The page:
My first novel Our Dried Voices was published three years ago. As you might expect, I learned a lot going from publishing newbie to debut author, and I reflected on five of those writing lessons in this article. But as long as you remain willing to learn, the lessons never end. Three years later, and two months removed from the release of my second novel The Friar’s Lantern, here are five more writing lessons I learned the second time around.
1. Keep track of your good ideas, no matter how small.
This is one of the first writing lessons I learned in my high school creative writing class, and I still apply it today.
The Friar’s Lantern began over ten years ago with a single line in my writing journal: “Write a literary choose-your-own-adventure novel.” I didn’t know what that book would be about. I just thought a choose-your-own-adventure novel sounded like a cool idea.
Two years later, I came up with an idea for one of the main story threads. Another two or three years later, I began to outline the basic elements of the story. And now it’s a completed novel. All from that one sentence that never would have amounted to anything if I hadn’t written it down.
Ten years ago and earlier, I kept track of my writing ideas in a spiral-bound notebook. Today I use the Evernote app. However you do it, find a way to curate all your good ideas, even if you don’t know what they’ll become. Someday, you may discover connections between multiple ideas or build an entire story on a single, decade-old thought.
2. Write, submit, write, repeat.
I started writing The Friar’s Lantern in 2011, three years after I started my first novel Our Dried Voices and three years before Our Dried Voices was published. If I had waited to start my second book until after my first one hit the shelves, who knows when (or if) I would have finished it?
Instead, I made the fortunate decision to begin work on The Friar’s Lantern shortly after I submitted the manuscript for Our Dried Voices to agents and publishers. I sent out Our Dried Voices queries, I revised that novel and I continued to plug away at The Friar’s Lantern. Six years later, I’m proud to have both of them published. It’s not glamorous, it’s a process, it’s work. But if you’re a writer, you have to keep writing.
My first novel was pretty straightforward. I knew how I wanted it to begin and I knew how I wanted it to end. From there, it was a fairly simple matter to outline the plot points in between. And given the writer I was and the story I wanted to tell, it worked for me.
But The Friar’s Lantern is a different kind of novel. Not only is it a choose-your-own-adventure story, but it involves more characters and plotlines than does Our Dried Voices. It was a good format to force me to put myself into the story and try out different plot options. What did I want to happen if the reader chose Path A instead of Path B? As a reader, how would I feel about that choice and outcome? And what were the implications of that choice for the novel as a whole?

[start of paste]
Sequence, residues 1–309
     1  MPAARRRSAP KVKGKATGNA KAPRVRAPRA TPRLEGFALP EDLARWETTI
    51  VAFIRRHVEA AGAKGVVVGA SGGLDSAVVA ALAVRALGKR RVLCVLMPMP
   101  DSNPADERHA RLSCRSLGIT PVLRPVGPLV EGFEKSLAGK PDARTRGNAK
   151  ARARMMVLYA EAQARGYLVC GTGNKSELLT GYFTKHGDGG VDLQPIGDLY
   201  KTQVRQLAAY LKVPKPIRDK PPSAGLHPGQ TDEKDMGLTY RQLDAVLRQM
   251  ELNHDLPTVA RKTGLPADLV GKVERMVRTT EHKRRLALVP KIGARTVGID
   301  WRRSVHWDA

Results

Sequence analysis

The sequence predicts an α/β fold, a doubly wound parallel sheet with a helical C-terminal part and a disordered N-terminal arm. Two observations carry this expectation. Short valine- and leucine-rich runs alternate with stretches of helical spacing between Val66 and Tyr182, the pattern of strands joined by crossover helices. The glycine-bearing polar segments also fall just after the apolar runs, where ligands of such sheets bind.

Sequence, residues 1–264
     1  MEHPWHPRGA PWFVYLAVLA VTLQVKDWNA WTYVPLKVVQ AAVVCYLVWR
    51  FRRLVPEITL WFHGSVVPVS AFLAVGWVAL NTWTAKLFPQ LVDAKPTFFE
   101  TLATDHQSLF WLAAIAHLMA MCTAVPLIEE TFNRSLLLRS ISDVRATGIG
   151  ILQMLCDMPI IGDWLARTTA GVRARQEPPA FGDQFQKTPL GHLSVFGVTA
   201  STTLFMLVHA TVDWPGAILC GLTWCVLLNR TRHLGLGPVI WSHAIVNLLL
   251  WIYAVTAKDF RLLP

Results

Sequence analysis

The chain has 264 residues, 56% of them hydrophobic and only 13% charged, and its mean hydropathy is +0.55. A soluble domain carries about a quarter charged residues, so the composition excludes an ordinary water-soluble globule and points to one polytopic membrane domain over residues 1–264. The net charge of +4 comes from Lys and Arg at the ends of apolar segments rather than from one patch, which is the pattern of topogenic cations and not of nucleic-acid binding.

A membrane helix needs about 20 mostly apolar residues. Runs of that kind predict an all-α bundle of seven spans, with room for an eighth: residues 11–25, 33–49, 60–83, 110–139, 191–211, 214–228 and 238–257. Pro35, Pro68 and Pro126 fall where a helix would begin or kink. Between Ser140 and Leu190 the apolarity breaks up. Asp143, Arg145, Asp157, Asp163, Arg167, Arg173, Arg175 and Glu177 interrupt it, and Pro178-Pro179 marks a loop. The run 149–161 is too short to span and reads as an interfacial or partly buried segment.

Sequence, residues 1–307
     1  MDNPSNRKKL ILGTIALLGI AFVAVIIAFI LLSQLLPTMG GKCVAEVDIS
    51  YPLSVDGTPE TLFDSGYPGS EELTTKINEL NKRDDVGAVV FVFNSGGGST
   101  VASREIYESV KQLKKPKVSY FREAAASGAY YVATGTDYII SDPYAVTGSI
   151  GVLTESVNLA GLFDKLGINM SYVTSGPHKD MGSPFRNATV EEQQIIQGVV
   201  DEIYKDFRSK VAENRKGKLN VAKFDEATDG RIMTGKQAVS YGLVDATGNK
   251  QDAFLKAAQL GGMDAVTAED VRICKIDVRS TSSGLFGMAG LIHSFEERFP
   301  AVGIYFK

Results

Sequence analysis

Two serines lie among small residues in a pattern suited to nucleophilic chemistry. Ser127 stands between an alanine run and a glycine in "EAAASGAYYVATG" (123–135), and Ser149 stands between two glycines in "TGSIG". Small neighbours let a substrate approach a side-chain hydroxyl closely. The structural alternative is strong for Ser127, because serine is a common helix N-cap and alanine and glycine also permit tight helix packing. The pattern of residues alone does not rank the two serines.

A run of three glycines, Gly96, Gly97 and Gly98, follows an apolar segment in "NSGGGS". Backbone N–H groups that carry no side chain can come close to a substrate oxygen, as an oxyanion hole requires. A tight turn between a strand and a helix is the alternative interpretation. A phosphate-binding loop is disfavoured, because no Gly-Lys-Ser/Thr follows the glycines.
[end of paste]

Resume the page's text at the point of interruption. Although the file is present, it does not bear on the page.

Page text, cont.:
As a result of this exploration, I came up with new story paths that I hadn’t expected. I also got some good suggestions from my beta readers that I turned into new scenes.
4. Don’t lose the forest for the trees.
There’s so much going on in any novel. Characters with conflicting agendas, intertwining plot lines, factual details, and more. Not to mention the fact that I, like many writers, like to skip around in my stories instead of writing them straight through from beginning to end. With all those elements to worry about, it can be easy to focus too much on the details and forget what you wanted your story to be about in the first place.
That’s not to say your story can’t change as you write it. Characters may make unexpected choices and new plot twists may suggest themselves. But in most cases, writers know the big picture of what they want their stories to be about.
For me, there was one main idea I didn’t want to forget in The Friar’s Lantern. And because I was writing the novel at night, on weekends, during my lunch breaks, on the train to and from work and whenever else I had a few spare moments, I was especially concerned about losing track of that idea. My solution was to write it on multiple post-it notes and stick them to my laptop at home, my computer at work and the inside of the folder containing my latest draft. And they stayed there for years while I wrote and edited the novel. It was an easy way for me to start every writing session with a reminder of the big idea I wanted to express in the story.
5. When one door closes…
When I signed a publishing contract for Our Dried Voices, I figured I had found a home for my next several books. But just as I was wrapping up the final draft of The Friar’s Lantern, my publisher informed me she was shifting her focus to non-fiction titles. I was about to start over from square one.
It was a tough blow. But I decided I had to look at this setback as an opportunity. I had come a long way as an author since I wrote and submitted my first novel. I had learned a lot about writing, the publishing industry and connecting with readers. And this time around, I had a published novel under my belt. I had a great relationship with my first publisher. But I was optimistic I could find an even better fit for The Friar’s Lantern. And even though it took longer than I hoped, I found a new home for my work this year.
A previous version of “5 Writing Lessons from My Second Novel“ was published in December 2017 on Plaid Trees.